European Union: UK & Europe

UK

(1) What are the rules and procedures for setting up a new reinsurance company in your country?

To establish a new reinsurance company, an authorisation application must be made to the Prudential Regulatory Authority ("PRA") for permission to carry out regulated activities under Part 4A of the Financial Services and Markets Act 2000 ("FSMA"). This must include: a regulatory business plan; financial projections; details of financial resources; details of systems, controls and compliance arrangements; and details of personnel, including key individuals who will be performing "controlled functions" and of the controllers of the applicant. It must also contain an address in the UK for service of any notice or other document under the FSMA. The PRA leads and manages the application process, coordinating with the Financial Conduct Authority ("FCA").

The PRA assesses applicants from a prudential perspective, and the FCA from a conduct perspective. In either case, the relevant regulator will assess whether, if authorised, the applicant would meet the relevant Threshold Conditions at authorisation and on a continuing basis.

The Threshold Conditions constitute the minimum requirements for becoming and remaining authorised.

A foreign (re)insurance companies whose head office is elsewhere in the European Economic Area (EEA) is permitted to set up a branch and conduct insurance business in the UK on the strength of an authorisation in its Home State (under the so-called 'passport regime').

A foreign (re)insurer whose head office is outside the EEA would be prohibited from carrying on (re)insurance activities from within the UK (or through an agent in the UK) without authorisation. Authorisation would be available for a branch or a subsidiary of the (re)insurer.

(2) What are the capital and surplus requirements for a reinsurance company?

UK capital requirements currently adopt the requirements established by the EU Insurance Directives (now consolidated in Insolvency II) and are contained in the PRA Rulebook. Pillar 1 of Solvency II came into force on 1 January 2016 and introduced new capital requirements: a minimum capital requirement (MCR) representing the minimum amount of capital that an insurer or reinsurer needs to cover its risks, and a solvency capital requirement (SCR), which is effectively the amount of capital that an insurer or reinsurer requires to operate as a going concern, assessed on a value at risk measure.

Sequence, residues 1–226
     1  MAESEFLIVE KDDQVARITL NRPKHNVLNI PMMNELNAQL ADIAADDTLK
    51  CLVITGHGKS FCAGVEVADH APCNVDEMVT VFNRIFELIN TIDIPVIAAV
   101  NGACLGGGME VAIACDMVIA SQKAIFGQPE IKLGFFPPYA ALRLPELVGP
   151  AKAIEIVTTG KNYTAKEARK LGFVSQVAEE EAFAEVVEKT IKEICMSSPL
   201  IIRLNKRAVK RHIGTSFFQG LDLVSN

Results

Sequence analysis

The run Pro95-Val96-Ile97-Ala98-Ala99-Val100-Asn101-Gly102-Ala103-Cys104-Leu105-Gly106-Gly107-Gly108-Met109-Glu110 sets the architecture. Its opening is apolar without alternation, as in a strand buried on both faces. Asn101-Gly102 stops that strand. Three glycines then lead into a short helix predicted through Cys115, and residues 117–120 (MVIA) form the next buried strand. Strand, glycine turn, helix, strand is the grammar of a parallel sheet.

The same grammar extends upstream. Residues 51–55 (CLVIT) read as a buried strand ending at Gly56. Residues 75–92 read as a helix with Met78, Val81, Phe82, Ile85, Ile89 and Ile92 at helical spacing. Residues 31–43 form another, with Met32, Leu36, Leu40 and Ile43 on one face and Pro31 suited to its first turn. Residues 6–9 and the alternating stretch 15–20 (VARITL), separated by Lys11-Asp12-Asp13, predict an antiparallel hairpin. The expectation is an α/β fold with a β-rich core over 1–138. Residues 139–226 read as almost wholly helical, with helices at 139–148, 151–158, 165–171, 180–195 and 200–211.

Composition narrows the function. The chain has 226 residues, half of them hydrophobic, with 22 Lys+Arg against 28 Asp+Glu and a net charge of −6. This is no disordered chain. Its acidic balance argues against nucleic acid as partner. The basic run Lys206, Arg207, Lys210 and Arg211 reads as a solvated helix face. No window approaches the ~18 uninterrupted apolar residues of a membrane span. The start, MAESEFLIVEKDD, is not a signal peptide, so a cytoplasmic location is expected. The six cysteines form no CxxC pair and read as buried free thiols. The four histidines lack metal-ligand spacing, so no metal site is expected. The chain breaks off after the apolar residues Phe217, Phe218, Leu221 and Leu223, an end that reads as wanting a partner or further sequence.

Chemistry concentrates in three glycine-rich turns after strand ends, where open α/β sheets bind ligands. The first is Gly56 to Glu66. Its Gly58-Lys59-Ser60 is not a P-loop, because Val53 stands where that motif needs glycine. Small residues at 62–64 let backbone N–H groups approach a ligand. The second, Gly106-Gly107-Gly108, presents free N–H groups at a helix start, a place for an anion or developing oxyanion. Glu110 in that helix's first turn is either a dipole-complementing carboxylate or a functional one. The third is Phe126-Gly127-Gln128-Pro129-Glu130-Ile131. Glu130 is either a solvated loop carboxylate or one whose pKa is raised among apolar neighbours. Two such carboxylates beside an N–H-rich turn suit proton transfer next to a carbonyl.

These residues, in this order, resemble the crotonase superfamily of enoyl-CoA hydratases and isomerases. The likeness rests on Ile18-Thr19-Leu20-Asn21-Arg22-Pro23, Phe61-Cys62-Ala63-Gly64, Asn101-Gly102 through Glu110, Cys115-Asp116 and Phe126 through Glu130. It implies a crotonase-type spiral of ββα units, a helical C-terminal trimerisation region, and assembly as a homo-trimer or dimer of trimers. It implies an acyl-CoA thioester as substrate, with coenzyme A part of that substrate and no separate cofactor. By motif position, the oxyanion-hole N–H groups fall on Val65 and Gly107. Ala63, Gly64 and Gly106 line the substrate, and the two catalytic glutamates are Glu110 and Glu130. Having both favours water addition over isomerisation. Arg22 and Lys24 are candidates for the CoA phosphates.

(3) Are there any restrictions on foreign ownership of a reinsurance company?

No.

France

(1) What are the rules and procedures for setting up a new reinsurance company in your country?

For reinsurers established in France, authorisation must be received from the regulator, the Autorité de contrôle prudentiel et de résolution ("ACPR"). The authorisation for a reinsurer is not branch-specific. There are currently 14 reinsurers authorised in France according to the ACPR's records.

Reinsurers with a head office in another EEA member state can provide reinsurance in France without needing authorisation from the ACPR, provided that they are authorised in their home member state. They can do so either on a cross-border basis or via a branch.

Non-EEA reinsurers may reinsure insurers and reinsurers established in France provided they are authorised in the country where their head office is established. There are no additional constrains or requirements from a purely regulatory perspective.

(2) What are the capital and surplus requirements for a reinsurance company?

In order to authorise a reinsurance company to start conducting business in France, the ACPR will require a substantial set of information and documents, including a three-year business plan with prospective balance sheets, profit and loss accounts and cash flows.

Reinsurance companies subject to Solvency II are subject to the requirements contained in the Solvency II Directive as transposed under French law, namely to have sufficient assets to cover the Solvency Capital Requirement calculated in accordance to either the standard formula or an ACPR-approved internal model. The Minimum Capital Requirement is subject to an absolute floor of EUR 3.6mn.

As mentioned above, French insurers and reinsurers which are subject to Solvency II may cede or retrocede their risks to reinsurance companies authorised in a country with is not part of the EEA without any specific limitation. Insurers and reinsurers which are not subject to Solvency II will only be able to take credit for such reinsurance up to the value of assets pledged in their favour by the reinsurer. In practice, it is usual for French cedants to require some sort of collateral contractually.

(3) Are there any restrictions on foreign ownership of a reinsurance company?

No, but the ACPR will verify a company's shareholding structure, and the quality of its shareholders, prior to granting a licence and thereafter on an ongoing basis whenever changes occur in such shareholding. The ACPR may also decline to grant an authorisation if the use of its supervisory powers would be hampered because of close links between the company and other non-EEA person or company, or by the laws and regulations which apply to that non-EEA person/company.

Germany

(1) What are the rules and procedures for setting up a new reinsurance company in your country?

Approval must be obtained from the Federal Financial Supervisory Authority (Bundesanstalt für Finanzdienstleistungsaufsicht, "BaFin"). A detailed business plan must be filed and the company must demonstrate that it has sufficient capital for the first three business years. Information must be supplied about the intended reinsurance.

Foreign reinsurers located in an EEA Member State can write business directly on a freedom of services basis or can establish a branch in Germany, provided that they are licensed in their home state.

Foreign reinsurers located outside the EEA (third country reinsurers) have – as a general rule – to obtain a licence from BaFin before writing business in Germany and to establish a local branch. There are exemptions for third country reinsurers that intend to carry out solely reinsurance business in Germany from their seat through provision of cross-border services and if the home state solvency regime is deemed equivalent by the European Commission.